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Blog

The blog of m/m author Jaime Samms. 

Hard to Believe.

Jaime Samms

It's been over a year, and yet, hard to believe it's only been about a year. But there it is. My first release with Freya's Bower came out October 1, 2008. Just over a year ago. I'm going to guess I didn't spend nearly enough time in the interval sleeping. And yet. I'm not really a prolific writer, as these things go. There are writers who put out a far sight more work than I do. Lots of them even have day jobs and families, as I do. So how do they do it? How do they find the time to write so many words and do so much promotion?

I can't answer the question for them, I only know, in my life, there has to be a balance. I have two extremely competent young children. A nine year old who can, in a pinch, or just when she feels like it, cook supper for the entire family. And we aren't talking about bowls of cereal, either. I mean slicing, dicing, and cooking up a mess of Sheppard's Pie. We're talking full course meal. Then there is the six year old who knows, if he's going to eat, he's going to have to fend for himself during the day. And he's recently graduated from Rice Crispies to toasting himself a bagel.

I know. I'm lucky. All I have to do is sit at the kitchen table and supervise, and things get done around me. Because I taught them to be self sufficient. I want my job with them to be over. Much as I love them, I am just the mother. Not the life support system, and they are coming to realize that.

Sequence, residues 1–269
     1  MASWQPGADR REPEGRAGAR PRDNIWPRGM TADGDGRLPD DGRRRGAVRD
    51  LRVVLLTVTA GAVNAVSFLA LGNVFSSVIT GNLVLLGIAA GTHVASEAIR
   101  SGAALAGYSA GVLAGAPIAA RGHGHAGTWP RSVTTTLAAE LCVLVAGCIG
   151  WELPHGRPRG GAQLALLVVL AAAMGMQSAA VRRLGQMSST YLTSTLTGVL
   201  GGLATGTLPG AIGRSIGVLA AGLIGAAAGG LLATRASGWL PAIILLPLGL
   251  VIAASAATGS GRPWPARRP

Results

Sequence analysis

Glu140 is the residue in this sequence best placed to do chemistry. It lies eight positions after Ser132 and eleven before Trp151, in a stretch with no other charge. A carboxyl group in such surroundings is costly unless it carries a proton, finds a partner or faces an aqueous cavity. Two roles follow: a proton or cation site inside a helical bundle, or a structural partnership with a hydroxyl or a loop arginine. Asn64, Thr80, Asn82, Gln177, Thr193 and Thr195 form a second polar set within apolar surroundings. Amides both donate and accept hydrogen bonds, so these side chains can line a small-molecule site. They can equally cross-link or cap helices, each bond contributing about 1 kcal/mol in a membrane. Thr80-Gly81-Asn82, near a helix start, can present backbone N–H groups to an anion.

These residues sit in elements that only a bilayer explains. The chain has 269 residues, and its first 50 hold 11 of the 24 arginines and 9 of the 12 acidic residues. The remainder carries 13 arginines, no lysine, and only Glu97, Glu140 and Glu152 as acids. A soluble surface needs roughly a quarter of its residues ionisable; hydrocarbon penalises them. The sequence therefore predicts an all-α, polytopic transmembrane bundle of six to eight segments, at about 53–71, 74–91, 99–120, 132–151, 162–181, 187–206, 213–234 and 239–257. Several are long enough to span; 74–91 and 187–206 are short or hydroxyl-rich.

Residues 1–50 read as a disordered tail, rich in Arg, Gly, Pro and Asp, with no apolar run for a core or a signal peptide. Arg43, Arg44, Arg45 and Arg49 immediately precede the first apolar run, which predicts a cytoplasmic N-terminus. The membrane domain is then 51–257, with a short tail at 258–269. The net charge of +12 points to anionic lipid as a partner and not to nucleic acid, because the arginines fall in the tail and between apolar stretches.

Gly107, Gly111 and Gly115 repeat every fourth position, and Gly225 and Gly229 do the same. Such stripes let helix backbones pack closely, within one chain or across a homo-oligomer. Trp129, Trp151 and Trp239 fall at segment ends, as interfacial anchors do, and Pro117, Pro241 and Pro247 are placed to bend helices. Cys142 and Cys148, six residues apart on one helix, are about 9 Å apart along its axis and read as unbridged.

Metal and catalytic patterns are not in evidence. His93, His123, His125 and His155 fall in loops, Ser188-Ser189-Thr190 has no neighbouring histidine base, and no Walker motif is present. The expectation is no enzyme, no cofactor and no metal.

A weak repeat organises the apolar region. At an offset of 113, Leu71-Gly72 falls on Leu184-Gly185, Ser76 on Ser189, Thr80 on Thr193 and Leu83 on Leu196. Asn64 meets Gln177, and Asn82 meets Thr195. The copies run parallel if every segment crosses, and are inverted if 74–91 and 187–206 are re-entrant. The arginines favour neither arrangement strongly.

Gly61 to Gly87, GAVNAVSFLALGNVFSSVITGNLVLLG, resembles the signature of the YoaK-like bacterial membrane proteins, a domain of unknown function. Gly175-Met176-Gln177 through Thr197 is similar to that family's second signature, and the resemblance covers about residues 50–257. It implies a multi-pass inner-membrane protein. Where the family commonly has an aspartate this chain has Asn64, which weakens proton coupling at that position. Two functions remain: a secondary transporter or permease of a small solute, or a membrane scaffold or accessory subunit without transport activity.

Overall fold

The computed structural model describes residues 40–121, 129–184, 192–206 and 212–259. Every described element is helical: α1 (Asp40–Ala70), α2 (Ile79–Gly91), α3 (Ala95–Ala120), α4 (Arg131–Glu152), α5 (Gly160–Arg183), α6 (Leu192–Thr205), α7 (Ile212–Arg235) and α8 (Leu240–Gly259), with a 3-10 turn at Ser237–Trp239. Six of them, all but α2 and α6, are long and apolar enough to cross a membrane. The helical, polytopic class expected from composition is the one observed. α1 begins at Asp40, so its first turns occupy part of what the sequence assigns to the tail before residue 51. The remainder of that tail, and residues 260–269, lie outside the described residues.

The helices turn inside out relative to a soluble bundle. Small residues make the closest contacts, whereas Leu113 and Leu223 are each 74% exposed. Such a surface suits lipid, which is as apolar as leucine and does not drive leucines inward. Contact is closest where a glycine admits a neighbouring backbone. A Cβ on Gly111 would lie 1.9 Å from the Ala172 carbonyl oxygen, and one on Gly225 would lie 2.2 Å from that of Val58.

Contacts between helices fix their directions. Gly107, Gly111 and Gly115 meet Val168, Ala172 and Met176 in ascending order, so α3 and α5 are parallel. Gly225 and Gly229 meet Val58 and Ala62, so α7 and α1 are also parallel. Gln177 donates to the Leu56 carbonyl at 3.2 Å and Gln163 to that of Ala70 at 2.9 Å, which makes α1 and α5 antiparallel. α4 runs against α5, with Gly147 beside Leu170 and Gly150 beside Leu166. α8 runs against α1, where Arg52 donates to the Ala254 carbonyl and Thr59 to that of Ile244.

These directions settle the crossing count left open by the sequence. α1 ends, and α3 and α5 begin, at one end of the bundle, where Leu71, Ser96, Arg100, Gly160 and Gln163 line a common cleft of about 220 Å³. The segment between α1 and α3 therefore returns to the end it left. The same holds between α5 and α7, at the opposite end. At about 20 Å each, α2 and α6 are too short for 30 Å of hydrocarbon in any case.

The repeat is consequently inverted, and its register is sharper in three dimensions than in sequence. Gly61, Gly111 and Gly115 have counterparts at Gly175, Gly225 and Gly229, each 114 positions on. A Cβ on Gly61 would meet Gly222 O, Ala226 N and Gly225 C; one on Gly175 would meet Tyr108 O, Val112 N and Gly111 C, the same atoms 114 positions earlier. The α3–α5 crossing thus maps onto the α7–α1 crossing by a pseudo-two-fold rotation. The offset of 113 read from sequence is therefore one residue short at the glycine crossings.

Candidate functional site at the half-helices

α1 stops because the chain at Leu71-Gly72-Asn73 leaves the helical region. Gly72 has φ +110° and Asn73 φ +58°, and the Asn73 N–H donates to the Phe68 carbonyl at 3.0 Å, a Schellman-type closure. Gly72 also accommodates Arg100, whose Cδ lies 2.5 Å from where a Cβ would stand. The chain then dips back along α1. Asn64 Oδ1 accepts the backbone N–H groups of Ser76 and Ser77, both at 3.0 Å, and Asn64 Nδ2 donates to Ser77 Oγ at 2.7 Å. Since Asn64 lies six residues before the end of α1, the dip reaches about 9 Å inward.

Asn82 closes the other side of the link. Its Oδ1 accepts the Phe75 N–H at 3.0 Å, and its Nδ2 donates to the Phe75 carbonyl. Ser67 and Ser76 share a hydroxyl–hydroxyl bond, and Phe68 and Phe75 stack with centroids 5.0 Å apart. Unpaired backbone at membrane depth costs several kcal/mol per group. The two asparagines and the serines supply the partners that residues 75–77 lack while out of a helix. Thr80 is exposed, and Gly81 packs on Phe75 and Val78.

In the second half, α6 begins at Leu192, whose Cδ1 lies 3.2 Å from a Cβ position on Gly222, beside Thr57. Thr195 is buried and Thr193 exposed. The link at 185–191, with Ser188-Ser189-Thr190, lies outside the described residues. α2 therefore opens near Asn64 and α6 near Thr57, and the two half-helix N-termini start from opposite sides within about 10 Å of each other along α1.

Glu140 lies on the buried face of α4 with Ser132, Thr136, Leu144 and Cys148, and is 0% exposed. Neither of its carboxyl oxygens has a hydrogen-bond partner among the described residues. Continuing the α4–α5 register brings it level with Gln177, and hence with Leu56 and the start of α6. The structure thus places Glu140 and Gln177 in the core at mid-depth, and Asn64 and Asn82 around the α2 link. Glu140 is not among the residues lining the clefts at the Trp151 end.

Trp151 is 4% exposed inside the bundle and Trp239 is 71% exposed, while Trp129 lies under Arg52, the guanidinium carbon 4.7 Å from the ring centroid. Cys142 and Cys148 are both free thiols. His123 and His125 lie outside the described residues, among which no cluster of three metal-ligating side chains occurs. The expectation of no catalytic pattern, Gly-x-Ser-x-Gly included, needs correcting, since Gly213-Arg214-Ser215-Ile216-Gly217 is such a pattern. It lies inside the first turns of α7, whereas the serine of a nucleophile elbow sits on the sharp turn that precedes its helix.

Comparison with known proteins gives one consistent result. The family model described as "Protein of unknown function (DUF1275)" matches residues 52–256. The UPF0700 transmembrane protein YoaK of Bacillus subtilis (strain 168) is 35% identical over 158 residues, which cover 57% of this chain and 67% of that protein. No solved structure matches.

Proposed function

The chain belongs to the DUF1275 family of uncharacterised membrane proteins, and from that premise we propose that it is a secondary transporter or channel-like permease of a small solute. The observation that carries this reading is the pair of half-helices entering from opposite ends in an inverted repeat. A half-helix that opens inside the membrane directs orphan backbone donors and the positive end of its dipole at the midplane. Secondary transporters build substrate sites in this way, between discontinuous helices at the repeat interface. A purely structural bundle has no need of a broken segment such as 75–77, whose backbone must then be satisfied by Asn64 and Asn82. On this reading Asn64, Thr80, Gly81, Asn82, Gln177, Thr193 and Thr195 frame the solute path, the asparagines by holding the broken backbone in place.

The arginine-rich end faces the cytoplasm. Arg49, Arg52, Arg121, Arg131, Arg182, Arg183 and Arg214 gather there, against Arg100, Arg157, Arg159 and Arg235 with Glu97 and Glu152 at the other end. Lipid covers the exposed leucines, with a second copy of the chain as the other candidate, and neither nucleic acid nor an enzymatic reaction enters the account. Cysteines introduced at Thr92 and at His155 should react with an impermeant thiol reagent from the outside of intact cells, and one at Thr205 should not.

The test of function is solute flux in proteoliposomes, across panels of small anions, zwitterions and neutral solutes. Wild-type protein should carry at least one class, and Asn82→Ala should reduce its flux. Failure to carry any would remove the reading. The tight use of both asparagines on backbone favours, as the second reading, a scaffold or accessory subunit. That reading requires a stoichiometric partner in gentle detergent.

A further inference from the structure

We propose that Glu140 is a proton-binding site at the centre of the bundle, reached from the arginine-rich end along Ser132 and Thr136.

So I sit at the kitchen table and write while they learn stuff around me. Now, the trick becomes finding meaningful time alone with my other children. The made up ones. The ones who really cannot exist without my input. The characters who wander in and out of my life and onto the pages of my stories are as much a drain on my resources as the children of my loins. I don't know how it is for other writers. I just know how it is for me. When I get into the throes of a writing binge, the rest of the world falls away, and heaven help anyone who comes tapping on my shoulder looking for a missing sock or a snack or spouting any problem short of oozing blood.

The trick, I've been told, is balance. I've never been much of one for balance. All or nothing. Multi-tasking ends when writing starts. The more quiet and distraction free my environment, the happier I am. But to write prolifically means shutting out more of the world more often. Hard to do when there is the constant "Mommy, Mom, Ma!!!" going on in the background, just under the skin of concentration. And really, they are young, still, they do need attention after a sort, and so cannot be shut out. Not really.

So how do you find the balance between one set of children and the other? How do you do it? I'd love to hear your thoughts.